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BIFRÖST, URDA, AND THE NORNS.
ODIN departed from Heimdall, and went on his way, Fenrir obediently following, though not now much noticed by his captor, who pondered over the new wonders of which he had heard.
“Bifröst, Urda, and the Norns—what can they mean?"
Thus pondering and wondering he went, ascended Asgard's Hill, walked through the golden gates of the City into the palace of Gladsheim, and into the hall Valhalla, where, just then, the Æsir and Asyniur* were assembled at their evening meal. Odin sat down to the table without speaking, and, still absent and meditative, proceeded to carve the great boar, Sæhrimnir, which every evening eaten, was every morning whole again. No one thought of disturbing him by asking any questions, for they saw that something was on his mind, and the Æsir were well-bred.
It is probable, therefore, that the supper would have been concluded in perfect silence if Fenrir had not poked his nose in at the doorway, just opposite to the seat of the lovely Freyja. She, genius of beauty as she was, and who had never in her whole life seen
even the shadow of a wolf, covered her face with her hands, and screamed a little, which caused all the Æsir to start and turn round, in order to see what was the matter. But Odin directed a reproving glance at the ill-mannered Fenrir, and then gave orders that the wolf should be fed; "after which,” concluded he, “I will relate my adventures to the assembled Æsir.”
“That is all very well, Asa Odin," answered Frey; "but who, let me ask, is to undertake the office of feeding yon hideous and unmannerly animal ?"
“That will I, joyfully," cried Tyr, who liked
nothing better than an adventure; and then, seizing a plate of meat from the table, he ran out of the hall, followed by Fenrir, who howled, and sniffed, and jumped up at him in a most impatient, unÆsir-like manner.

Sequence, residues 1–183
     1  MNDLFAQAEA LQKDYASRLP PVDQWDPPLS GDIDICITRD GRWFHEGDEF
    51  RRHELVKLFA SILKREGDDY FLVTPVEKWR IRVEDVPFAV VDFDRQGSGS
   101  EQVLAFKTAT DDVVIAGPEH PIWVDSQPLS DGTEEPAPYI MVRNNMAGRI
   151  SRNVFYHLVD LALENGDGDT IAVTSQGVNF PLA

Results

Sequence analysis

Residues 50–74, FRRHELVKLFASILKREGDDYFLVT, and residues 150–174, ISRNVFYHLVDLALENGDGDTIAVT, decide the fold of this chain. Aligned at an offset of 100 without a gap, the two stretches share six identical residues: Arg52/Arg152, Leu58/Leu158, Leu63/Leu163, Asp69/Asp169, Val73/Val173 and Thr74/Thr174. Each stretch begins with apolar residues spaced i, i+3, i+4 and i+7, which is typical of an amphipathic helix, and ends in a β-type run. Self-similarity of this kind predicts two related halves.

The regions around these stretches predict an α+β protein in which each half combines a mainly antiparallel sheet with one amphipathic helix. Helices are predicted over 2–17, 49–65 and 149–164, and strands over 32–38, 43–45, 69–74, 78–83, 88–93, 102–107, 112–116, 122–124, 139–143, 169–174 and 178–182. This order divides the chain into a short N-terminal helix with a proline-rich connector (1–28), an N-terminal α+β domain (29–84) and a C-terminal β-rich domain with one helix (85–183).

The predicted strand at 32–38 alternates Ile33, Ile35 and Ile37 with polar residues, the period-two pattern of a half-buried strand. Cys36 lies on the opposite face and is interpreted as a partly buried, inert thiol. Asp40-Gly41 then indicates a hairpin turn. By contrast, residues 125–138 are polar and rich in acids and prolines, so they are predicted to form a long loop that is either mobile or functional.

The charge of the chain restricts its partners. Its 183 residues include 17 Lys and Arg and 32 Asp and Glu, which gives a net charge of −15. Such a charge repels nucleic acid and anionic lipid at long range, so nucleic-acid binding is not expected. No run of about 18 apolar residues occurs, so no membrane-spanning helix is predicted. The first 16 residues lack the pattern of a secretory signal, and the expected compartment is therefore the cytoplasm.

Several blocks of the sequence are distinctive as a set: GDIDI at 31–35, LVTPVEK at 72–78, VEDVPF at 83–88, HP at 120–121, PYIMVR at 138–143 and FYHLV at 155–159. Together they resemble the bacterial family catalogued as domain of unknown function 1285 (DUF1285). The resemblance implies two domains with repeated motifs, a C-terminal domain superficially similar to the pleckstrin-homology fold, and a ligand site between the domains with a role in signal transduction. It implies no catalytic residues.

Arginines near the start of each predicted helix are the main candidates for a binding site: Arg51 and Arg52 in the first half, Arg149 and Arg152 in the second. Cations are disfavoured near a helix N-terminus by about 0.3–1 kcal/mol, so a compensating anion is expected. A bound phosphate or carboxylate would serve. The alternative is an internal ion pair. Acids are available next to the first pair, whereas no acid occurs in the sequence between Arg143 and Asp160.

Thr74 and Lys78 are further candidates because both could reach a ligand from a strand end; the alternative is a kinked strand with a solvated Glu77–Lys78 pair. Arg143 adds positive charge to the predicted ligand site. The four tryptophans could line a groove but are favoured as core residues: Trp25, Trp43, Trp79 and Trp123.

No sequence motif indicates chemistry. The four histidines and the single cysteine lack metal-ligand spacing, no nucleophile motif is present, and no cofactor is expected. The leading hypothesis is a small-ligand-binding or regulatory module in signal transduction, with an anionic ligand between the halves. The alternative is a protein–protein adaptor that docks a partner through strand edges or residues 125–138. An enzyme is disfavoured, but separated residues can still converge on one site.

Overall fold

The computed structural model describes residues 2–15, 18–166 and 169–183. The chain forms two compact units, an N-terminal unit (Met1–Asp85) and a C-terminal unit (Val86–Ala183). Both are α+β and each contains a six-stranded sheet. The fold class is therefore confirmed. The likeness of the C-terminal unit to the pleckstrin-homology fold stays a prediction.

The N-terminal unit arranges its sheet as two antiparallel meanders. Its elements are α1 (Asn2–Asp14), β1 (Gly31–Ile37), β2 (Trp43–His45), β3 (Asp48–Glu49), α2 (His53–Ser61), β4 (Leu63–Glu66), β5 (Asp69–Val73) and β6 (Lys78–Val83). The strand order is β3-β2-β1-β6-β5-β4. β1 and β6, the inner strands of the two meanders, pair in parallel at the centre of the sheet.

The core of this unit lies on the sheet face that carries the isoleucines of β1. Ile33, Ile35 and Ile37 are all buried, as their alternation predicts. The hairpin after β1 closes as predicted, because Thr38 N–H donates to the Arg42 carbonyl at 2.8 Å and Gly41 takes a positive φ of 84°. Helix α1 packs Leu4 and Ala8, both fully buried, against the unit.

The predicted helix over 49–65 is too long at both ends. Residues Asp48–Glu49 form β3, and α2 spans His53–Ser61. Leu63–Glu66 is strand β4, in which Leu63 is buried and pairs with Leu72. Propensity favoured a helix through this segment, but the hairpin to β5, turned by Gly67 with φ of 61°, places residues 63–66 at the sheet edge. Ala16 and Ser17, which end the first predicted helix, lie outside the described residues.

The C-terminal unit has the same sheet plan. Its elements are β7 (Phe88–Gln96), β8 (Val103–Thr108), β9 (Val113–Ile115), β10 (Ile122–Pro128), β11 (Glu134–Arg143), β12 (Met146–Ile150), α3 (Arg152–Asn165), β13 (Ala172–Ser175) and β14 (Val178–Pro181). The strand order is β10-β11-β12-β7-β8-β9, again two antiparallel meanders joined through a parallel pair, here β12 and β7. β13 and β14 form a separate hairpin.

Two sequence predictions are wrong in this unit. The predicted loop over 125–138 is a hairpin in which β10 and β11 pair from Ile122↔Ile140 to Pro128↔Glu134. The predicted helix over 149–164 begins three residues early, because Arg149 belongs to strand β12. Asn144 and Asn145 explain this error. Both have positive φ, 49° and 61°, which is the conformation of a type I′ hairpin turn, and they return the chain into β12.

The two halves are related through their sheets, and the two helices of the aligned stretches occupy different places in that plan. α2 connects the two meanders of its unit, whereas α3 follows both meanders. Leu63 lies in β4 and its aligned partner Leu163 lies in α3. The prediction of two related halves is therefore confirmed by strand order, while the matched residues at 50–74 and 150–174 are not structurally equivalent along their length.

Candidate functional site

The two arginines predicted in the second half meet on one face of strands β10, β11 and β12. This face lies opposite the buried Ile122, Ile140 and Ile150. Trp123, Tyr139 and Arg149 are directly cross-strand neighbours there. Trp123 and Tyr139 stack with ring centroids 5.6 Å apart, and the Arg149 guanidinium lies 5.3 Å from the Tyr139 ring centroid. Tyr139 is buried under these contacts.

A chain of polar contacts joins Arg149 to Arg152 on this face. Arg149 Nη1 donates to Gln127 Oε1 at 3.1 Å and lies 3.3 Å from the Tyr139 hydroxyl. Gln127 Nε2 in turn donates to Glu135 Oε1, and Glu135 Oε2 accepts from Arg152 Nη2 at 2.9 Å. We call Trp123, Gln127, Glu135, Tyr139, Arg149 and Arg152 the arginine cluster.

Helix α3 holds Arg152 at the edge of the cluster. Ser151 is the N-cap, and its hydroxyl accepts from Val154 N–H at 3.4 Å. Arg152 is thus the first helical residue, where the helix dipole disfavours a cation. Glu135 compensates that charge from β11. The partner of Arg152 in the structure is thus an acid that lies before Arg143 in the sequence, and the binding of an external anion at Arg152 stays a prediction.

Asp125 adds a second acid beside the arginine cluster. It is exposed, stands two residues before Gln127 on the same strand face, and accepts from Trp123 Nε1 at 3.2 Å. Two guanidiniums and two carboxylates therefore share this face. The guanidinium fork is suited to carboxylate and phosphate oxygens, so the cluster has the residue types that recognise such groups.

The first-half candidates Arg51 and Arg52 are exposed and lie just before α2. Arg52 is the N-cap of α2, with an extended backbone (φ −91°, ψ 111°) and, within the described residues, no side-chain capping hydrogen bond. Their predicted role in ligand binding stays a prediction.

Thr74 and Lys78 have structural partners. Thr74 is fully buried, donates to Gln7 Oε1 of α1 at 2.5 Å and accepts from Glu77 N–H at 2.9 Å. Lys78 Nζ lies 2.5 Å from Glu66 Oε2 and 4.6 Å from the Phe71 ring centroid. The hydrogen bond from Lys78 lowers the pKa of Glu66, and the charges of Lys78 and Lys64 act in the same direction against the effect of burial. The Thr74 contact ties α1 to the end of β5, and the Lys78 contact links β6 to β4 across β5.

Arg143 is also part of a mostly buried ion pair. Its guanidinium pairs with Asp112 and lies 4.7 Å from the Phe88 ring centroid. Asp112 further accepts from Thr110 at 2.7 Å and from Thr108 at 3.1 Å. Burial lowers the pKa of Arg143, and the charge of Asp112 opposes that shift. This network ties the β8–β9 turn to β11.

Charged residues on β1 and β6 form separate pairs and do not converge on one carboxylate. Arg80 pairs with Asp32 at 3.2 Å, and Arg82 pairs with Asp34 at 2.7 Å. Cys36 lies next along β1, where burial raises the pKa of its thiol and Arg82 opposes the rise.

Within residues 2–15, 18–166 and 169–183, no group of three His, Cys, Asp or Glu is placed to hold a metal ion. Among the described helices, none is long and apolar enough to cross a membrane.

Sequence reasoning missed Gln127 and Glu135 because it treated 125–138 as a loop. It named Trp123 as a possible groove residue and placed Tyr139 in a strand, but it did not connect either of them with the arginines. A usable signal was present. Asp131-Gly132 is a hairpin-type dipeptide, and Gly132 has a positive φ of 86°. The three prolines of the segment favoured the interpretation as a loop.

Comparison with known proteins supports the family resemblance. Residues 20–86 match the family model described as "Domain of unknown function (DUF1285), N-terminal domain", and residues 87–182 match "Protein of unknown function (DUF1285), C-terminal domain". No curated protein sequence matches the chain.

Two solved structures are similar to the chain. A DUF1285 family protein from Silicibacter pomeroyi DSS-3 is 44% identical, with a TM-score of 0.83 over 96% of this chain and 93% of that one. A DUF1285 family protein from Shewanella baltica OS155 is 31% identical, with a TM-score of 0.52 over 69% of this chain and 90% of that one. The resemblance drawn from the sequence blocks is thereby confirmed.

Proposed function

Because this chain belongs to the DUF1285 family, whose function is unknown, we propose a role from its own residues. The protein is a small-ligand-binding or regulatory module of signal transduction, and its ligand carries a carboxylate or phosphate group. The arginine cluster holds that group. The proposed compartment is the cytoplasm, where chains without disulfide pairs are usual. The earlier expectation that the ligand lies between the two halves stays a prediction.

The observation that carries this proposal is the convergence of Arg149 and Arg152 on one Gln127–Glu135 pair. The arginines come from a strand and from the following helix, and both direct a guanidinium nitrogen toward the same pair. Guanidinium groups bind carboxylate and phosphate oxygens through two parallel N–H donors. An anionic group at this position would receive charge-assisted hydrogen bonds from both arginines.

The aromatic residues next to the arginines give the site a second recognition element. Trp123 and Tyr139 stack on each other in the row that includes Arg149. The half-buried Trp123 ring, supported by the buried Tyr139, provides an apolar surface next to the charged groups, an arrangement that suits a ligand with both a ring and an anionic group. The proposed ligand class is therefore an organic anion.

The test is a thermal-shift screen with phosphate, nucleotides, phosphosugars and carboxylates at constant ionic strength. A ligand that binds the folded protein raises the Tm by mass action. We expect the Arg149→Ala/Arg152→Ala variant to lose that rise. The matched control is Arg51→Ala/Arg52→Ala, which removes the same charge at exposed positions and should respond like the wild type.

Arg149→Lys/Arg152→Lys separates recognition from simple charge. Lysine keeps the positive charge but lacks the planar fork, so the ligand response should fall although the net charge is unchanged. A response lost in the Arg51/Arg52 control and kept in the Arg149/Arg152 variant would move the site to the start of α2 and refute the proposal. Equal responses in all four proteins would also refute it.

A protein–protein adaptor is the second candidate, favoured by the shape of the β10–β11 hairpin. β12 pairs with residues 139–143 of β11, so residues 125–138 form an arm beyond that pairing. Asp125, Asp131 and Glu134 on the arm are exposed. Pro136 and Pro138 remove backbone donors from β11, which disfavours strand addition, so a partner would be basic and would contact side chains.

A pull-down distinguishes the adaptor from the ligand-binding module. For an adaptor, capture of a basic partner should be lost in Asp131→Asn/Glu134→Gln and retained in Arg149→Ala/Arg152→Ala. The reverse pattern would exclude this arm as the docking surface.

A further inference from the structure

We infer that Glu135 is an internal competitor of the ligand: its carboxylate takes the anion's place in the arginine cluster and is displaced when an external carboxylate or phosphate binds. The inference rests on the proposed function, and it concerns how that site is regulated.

After the wolf was gone Freyja looked up again, and when Tyr was seated once more, Odin began. He told them of everything that he had seen, and done, and suffered; and, at last, of Heimdall, that strange white Van, who sat upon the heavenly hills, and spoke of Bifröst, and Urda, and the Norns. The Æsir were very silent whilst Odin spoke to them, and were deeply and strangely moved by this conclusion to his discourse.
“The Norns," repeated Frigga, “the Fountain of Urd, the golden threads of time! my children," she said, rising from the table, “let us go and look at these things."
But Odin advised that they should wait until the next day, as the journey to Bifrost and back again could easily be accomplished in a single morning
Accordingly, the next day the Æsir and Asyniur all
Let us go,
rose with the sun, and prepared to set forth. Niörd came from Noatun, the mild sea-coast, which he had made his home, and with continual gentle puffings out of his wide, breezy mouth, he made their journey to Bifröst so easy and pleasant, that they all felt a little sorry when they caught the first glitter of Heimdall's golden teeth. But Heimdall was glad to see them; glad, at least, for their sakes. He thought it would be so good for them to go and see the Norns. As far as he himself was concerned he never felt dull alone. On the top of those bright hills how many meditations he had ! Looking far and wide over the earth how much he saw and heard!
“Come already!” said Heimdall to the Æsir, stretching out his long, white hands to welcome them; "come already! Ah! this is Niörd's doing. How do you do, cousin,” said he; for Niörd and Heimdall were related.
“ How sweet and fresh it is up here!” remarked Frigga, looking all round, and feeling that it would be polite to say something. “You are very happy, Sir,” continued she, “in having always such fine
scenery about you, and in being the guardian of such a bridge."
And in truth Frigga might well say “such a bridge;" for the like of it was never seen
on the ground. Trembling and glittering it swung across the sky, up from the top of the mountain to the clouds, and down again into the distant sea.
“Bifrost! Bifrost!" exclaimed the Æsir, wonderingly; and Heimdall was pleased at their surprise.
“At the arch's highest point," said he, pointing upward, “rises that fountain of which I spoke. Do you wish to see it to-day?"
“That do we, indeed,” cried all the Æsir in a breath. “Quick, Heimdall, and unlock the bridge's golden gate."
Then Heimdall took all his keys out, and fitted them into the diamond lock till he found the right one, and the gate flew open with a sound at the same time sad and cheerful, like the dripping of leaves after a thunder-shower.
The Æsir pressed in; but, as they passed him, Heimdall laid his hand upon Thor's shoulder, and said “I am
very sorry, Thor; but it cannot be